Barack Obama on a classroom visit in Yeadon, Pa. (Photo: AP)
Three major polls this week will give a jittery White House cause for concern. The first, from ABC News/Washington Postshows a significant rise in public anger towards the federal government. The second,
fromThe Wall Street Journal/ NBC, shows overwhelming disillusionment with President Obama’s handling of the economy. The third, from Gallup, has conservatives in America now outnumbering liberals by a two-to-one margin.
Taken as a whole, this week’s polls paint a picture of a country that is emphatically rejecting the Big Government experiment of the past few years, and turning more and more towards conservatism. The surveys are representative of a sea of polls revealing a deep-seated and mounting opposition to the highly interventionist economic policies of the current US administration, with the latest RealClear Politics average of polls showing 73 per cent of Americans believing the country is moving down the “wrong track”.
The ABC News/Washington Post poll highlights “a fed-up public” which “is greeting election year 2012 with a razz for the government, a jeer for incumbents and a wearying sense of economic frustration”. According toThe Post/ABC, hostility among American voters towards the federal government is now at its highest level in nearly two decades, a state of affairs that may usher in a one-term presidency for Barack Obama:
Thirty-one percent of Americans in the latest ABC News/Washington Post poll are downright angry at the way the federal government works, a record in polling back to 1992. Add in those who are merely dissatisfied and the total soars to 80 percent, one point from its high 19 years ago.
Nearly as many, 74 percent, say the country’s headed seriously off on the wrong track — not a number that bodes well for incumbent presidents. A year before the 1992 election, during the last downturn anywhere near this severe, 72 percent said the country was on the wrong track; a year before the 1980 election, 77 percent said so; a year before the 1976 vote, 71 percent. Those results presaged the one-term presidencies of George H.W. Bush, Jimmy Carter and Gerald Ford.
According to The Post/ABC survey, a staggering 89 per cent of Americans now say the economy is in “bad shape”, with nearly half calling it “poor”; 61 per cent of respondents disapprove of Obama’s handling of the economy, with 48 per cent strongly disapproving. And particularly worrying for the White House, the vast majority of Americans now believe their personal economic situation is getting worse:
A mere 13 percent say they’re better off now than before Barack Obama took office; nearly three times as many say they’re worse off. Two-thirds worry about being able to maintain their standard of living; 31 percent are “very” worried, a new high in the last four years. Fewer than half, 43 percent, are confident they’ll have adequate resources for retirement, the fewest in ABC/Post polls back to 1996 and down dramatically from 68 percent near the height of the boom, in July 2001.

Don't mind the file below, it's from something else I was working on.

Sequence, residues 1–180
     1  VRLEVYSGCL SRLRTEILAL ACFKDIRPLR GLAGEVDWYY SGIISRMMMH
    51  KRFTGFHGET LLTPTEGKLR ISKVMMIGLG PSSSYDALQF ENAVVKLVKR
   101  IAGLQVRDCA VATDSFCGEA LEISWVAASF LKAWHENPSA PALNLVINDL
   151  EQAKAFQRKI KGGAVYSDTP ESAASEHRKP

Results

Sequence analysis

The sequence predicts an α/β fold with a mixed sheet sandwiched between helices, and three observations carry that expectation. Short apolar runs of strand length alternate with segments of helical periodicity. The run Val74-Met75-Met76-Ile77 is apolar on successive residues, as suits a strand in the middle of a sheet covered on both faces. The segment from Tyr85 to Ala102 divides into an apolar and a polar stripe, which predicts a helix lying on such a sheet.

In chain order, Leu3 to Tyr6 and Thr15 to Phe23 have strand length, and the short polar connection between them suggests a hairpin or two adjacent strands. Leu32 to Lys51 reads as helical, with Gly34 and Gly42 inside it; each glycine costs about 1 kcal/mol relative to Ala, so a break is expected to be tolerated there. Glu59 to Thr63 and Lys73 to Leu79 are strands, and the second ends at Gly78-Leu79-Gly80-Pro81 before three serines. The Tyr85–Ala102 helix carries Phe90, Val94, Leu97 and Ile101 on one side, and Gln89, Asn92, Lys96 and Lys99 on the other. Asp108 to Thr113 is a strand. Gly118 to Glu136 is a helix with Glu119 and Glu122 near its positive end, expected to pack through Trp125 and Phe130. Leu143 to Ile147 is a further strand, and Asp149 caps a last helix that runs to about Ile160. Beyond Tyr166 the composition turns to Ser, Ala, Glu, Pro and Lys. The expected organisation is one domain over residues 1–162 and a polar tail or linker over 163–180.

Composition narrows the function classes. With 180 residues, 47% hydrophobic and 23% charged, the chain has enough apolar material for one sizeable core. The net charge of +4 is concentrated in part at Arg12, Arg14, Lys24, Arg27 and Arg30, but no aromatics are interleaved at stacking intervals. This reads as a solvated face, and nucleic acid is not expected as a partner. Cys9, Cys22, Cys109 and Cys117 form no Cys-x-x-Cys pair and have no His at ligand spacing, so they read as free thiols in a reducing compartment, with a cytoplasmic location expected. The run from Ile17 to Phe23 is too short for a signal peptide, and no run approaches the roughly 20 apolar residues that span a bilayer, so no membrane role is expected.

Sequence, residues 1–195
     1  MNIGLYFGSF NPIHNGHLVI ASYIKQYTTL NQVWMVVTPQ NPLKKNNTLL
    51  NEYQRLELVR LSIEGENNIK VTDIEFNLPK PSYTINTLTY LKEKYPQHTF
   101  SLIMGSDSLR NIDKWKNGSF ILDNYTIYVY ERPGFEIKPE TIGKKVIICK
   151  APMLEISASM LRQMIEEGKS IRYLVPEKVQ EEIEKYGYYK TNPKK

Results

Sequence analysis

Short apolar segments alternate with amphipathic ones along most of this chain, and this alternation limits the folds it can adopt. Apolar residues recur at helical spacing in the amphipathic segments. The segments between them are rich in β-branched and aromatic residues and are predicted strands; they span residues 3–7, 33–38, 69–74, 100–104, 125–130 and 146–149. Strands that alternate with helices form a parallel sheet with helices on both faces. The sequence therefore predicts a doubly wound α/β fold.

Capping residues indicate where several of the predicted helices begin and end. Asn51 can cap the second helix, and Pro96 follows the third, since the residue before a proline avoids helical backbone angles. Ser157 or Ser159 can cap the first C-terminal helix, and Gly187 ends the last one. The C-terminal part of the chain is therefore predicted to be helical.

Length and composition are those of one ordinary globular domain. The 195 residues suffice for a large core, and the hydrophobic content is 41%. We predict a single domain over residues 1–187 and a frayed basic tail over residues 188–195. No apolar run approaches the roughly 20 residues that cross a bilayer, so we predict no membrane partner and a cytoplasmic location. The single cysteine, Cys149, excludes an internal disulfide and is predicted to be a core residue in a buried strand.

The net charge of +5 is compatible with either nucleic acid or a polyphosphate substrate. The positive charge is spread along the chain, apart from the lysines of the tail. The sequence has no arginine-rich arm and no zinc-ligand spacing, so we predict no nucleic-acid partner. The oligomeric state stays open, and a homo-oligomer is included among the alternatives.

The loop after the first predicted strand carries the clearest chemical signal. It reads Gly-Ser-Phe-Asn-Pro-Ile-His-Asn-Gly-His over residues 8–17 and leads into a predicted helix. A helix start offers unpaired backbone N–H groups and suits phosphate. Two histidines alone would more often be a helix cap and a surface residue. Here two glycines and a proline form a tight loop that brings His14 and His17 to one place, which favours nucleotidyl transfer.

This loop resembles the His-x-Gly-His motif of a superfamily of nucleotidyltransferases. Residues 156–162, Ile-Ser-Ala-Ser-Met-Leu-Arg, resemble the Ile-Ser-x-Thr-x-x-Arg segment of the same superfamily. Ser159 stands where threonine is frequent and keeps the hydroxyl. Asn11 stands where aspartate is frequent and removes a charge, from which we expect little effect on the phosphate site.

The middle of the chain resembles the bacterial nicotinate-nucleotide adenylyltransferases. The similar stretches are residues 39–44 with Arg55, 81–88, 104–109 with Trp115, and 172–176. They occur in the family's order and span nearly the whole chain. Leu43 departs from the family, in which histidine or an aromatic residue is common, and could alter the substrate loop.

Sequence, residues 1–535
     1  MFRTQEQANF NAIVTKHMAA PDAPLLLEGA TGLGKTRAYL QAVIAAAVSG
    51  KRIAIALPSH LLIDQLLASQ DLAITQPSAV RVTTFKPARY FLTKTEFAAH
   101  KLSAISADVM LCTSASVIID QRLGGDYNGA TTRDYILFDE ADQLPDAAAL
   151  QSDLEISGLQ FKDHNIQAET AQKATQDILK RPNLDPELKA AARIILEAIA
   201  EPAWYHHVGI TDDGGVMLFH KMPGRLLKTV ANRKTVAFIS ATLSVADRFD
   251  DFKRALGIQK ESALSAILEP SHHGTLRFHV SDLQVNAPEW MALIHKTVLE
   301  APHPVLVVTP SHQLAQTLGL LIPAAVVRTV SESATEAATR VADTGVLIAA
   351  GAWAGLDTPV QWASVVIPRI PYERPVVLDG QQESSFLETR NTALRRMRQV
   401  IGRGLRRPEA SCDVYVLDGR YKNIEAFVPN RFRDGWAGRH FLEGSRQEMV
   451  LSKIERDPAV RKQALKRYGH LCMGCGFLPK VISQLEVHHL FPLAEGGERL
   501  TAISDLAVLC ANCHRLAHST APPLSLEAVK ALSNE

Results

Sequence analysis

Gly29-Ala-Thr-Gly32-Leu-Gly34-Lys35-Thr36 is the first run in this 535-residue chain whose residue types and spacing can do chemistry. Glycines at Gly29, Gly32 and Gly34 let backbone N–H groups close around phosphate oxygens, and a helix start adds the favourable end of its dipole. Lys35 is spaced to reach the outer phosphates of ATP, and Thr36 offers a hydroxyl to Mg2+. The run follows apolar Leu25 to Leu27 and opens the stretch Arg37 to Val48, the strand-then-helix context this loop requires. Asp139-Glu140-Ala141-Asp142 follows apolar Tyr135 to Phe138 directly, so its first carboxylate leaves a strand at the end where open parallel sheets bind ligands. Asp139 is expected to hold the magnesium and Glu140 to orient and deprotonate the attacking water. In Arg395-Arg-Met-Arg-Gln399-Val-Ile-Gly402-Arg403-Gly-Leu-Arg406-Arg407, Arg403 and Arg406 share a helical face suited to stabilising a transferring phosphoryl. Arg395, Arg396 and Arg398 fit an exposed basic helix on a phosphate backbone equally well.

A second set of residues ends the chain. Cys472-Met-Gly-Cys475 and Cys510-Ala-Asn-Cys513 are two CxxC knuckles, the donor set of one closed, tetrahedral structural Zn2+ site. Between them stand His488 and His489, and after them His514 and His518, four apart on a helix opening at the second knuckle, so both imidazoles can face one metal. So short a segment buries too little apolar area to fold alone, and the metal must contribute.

The findings of The Wall Street Journal/ NBC survey are broadly similar to The Post/ABC’s on the economic front. When asked if the Obama administration has lived up to expectations on the economy, 74 per cent declared it had “fallen short”. 74 per cent said the same with regard to the Administration’s handling of the federal budget deficit, and 70 per cent agreed on the issue of reducing government spending. When asked if the Obama administration has fallen short in “changing business as usual in Washington”, 72 per cent answered affirmatively. Only 25 per cent of Americans surveyed by The WSJ/NBCagreed that the “economy will get better” in the next 12 months, with a mere 16 per cent agreeing that “things have got better” in the last 12 months.
Widespread unhappiness with the government’s economic policies throughout the course of 2011 is also reflected in a rise in the number of Americans identifying themselves as conservative. As Gallup’s polling shows, 42 per cent of Americans now call themselves conservative (based on June-August interviews), up from 40 per cent in January-March. At the same time, the percentage of Americans who adhere to a liberal ideology has fallen from 22 to 21 during the same time period. The percentage calling themselves moderate also fell, from 38 per cent to 37 per cent.
While liberalism is in retreat, the United States is becoming an increasingly conservative nation, rejecting interventionist solutions to economic problems, from endless bailouts to suffocating business regulations. As I noted in an earlier piece, Barack Obama could end up being America’s last Big Government president, with future leaders wary of going down the same path of heavy borrowing coupled with excessive spending, that has fuelled spiralling budget deficits.
It is little wonder that 57 per cent of Americans today “have little or no confidence in the federal government to solve domestic problems” in Gallup polling, with 27 per cent believing “the federal government has become so large and powerful that it poses an immediate threat to the rights and freedoms of ordinary citizens”. On both sides of the Atlantic, governments have tried and failed with top down policies that stifle economic freedom while reducing prosperity. It is a foolhardy approach that is both unsustainable and antithetical to the cause of liberty, and faces a growing conservative revolution in the United States.